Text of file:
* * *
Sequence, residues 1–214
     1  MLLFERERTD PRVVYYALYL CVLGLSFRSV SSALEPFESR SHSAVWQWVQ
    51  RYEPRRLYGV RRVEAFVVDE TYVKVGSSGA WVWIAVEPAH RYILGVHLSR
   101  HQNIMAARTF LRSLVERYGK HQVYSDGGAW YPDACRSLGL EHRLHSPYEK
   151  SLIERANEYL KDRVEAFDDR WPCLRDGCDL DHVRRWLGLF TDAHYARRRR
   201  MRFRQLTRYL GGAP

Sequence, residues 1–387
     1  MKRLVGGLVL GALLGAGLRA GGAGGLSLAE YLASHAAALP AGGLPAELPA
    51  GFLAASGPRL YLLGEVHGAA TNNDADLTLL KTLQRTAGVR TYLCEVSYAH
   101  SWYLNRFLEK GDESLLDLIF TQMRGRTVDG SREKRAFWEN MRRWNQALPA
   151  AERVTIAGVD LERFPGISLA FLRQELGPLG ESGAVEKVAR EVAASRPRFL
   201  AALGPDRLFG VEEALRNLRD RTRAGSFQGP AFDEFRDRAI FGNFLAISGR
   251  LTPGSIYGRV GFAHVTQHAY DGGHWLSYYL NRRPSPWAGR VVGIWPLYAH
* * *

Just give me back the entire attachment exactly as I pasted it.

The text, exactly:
Sequence, residues 1–214
     1  MLLFERERTD PRVVYYALYL CVLGLSFRSV SSALEPFESR SHSAVWQWVQ
    51  RYEPRRLYGV RRVEAFVVDE TYVKVGSSGA WVWIAVEPAH RYILGVHLSR
   101  HQNIMAARTF LRSLVERYGK HQVYSDGGAW YPDACRSLGL EHRLHSPYEK
   151  SLIERANEYL KDRVEAFDDR WPCLRDGCDL DHVRRWLGLF TDAHYARRRR
   201  MRFRQLTRYL GGAP

Sequence, residues 1–387
     1  MKRLVGGLVL GALLGAGLRA GGAGGLSLAE YLASHAAALP AGGLPAELPA
    51  GFLAASGPRL YLLGEVHGAA TNNDADLTLL KTLQRTAGVR TYLCEVSYAH
   101  SWYLNRFLEK GDESLLDLIF TQMRGRTVDG SREKRAFWEN MRRWNQALPA
   151  AERVTIAGVD LERFPGISLA FLRQELGPLG ESGAVEKVAR EVAASRPRFL
   201  AALGPDRLFG VEEALRNLRD RTRAGSFQGP AFDEFRDRAI FGNFLAISGR
   251  LTPGSIYGRV GFAHVTQHAY DGGHWLSYYL NRRPSPWAGR VVGIWPLYAH